Opposites Attract? Not in Today’s AmericaJune 12, 2012
The Wisconsin Recall is expected to generate one of the highest voter turnouts in recent memory, yet the gap between Left and Right on the political spectrum has doubled since 1987. Joe Costello comes on the show today to discuss his new book Of By For: The New Politics of Money, Debt, and Democracy to discuss how the extreme partisanship of American politics, interwoven with the influence of money, has derailed the Grand Experiment that America was launched under.
The book begins with a quote: “We do not need a revolution in America, we need a reformation,” that Costello explains is meant to highlight that our system has simply gone off the tracks. We don’t need a revolution, defined by overthrow of government and violence, but rather we need true, honest reform that reworks our system of self-governance and refocuses it with an eye toward engagement and growth.
A growing problem is with the disenfranchisement of American citizens, where our decision-making abilities as a voting citizenry are being limited by a distorted culture of governance that is defined by extreme partisanship that shuts down our ability to meet and talk on policy.
“The first thing we need to work on is more education and general awareness; we won’t have a reform of the banking system, for example until we know how it works,” Costello explained. “The second step is talking to each other. We don’t talk to each other politically anymore; we don’t have the dialogue to do that.”
A lot of people would agree with this assertion. We are the heroes of our own stories after all; how can we parlay this awareness into action that will bring about concrete results and change that can unleash our system from these limitations?
“Go after these problems that we have together. Let’s say banking: let’s not talk liberal or conservative, or Democrat or Republican, let’s talk about banking. How are we going to change this? How are we going to start changing the way banking and the money system is utilized in our country?” Costello posited.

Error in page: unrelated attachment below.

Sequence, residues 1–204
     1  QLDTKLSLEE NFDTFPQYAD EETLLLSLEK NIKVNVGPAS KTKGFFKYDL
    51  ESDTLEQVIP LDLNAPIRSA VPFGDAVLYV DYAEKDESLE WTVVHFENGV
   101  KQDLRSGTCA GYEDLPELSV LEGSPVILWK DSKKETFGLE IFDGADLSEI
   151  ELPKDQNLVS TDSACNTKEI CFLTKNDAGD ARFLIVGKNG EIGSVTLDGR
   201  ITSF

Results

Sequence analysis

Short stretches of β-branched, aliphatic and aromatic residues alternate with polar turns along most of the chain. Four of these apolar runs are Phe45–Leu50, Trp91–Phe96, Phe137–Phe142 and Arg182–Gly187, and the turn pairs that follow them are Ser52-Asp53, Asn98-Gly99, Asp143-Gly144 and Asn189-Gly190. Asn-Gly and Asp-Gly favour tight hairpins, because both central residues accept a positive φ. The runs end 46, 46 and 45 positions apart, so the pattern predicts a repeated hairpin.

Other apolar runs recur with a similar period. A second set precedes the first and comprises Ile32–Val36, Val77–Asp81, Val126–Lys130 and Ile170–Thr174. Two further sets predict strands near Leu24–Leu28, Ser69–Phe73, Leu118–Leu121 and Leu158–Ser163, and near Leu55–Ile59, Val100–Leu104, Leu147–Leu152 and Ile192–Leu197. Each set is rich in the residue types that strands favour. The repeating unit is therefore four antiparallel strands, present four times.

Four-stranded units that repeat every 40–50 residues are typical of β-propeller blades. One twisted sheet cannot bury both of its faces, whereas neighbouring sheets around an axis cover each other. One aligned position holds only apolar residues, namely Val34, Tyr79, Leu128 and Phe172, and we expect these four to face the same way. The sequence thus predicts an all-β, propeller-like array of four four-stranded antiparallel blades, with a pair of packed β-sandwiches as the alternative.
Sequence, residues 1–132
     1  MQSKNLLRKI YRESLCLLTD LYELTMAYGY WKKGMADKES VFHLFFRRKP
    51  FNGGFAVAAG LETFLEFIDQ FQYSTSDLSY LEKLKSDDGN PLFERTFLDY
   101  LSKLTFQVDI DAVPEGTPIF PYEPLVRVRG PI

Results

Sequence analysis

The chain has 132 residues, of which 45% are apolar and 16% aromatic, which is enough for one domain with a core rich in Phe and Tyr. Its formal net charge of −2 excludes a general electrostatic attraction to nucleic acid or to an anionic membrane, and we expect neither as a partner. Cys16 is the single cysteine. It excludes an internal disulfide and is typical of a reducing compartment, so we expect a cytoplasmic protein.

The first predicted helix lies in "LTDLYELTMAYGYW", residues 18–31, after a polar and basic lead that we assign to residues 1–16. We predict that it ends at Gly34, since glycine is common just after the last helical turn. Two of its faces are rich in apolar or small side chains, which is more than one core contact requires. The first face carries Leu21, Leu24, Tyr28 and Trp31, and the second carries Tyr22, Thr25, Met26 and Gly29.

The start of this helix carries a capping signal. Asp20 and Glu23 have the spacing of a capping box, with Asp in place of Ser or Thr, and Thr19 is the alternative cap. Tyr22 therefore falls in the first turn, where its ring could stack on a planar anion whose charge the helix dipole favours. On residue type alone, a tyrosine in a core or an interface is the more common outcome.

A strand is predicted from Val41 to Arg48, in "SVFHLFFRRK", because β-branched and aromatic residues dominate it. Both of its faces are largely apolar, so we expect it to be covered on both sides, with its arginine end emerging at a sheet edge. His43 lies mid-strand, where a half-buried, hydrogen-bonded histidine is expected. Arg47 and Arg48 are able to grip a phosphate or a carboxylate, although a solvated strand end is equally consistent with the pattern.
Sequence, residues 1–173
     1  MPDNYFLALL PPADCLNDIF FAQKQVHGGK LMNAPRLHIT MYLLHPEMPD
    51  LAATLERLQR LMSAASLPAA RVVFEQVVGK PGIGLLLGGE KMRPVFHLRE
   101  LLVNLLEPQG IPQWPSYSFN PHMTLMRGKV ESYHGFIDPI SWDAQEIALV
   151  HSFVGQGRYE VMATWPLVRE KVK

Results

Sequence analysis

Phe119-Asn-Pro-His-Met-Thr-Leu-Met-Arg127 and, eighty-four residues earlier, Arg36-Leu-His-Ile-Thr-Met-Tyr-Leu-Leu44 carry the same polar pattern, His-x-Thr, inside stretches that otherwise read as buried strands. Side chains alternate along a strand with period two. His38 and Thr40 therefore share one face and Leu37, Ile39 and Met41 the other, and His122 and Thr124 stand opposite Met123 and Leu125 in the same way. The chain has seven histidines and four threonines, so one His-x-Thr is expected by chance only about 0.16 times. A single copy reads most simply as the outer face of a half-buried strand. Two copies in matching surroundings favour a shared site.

It is trite to continue with the path we are currently on: I like Romney. Well, I like Obama. And we maintain the status quo. There has to be an understanding with people that, before now, we have have to band together in an effort to change issues of substance. The really large forces of our nation that make us feel powerless seem overwhelming until we learn to work together and congregate around these common grievances.
“It’s been about people getting together, from the Revolution all the way to civil rights. Our political system is set up in a way now that is meant to divide us.”
In a period of increasing polarization, it is increasingly clear that our system of politics, media coverage, and electoral processes have driven us apart, while issues that are pressing for the growth and progress of our nation are allowed to go by the wayside. We need to start adhering to magnetic principle soon before our system collapses entirely, and let our differences bring us together, before our bickering defines the end of the Grand Experiment.
The full interview is here:
Joe Costello is author of Of, For, By: The New Politics of Money, Debt, and Democracy. Follow him on Twitter for more information.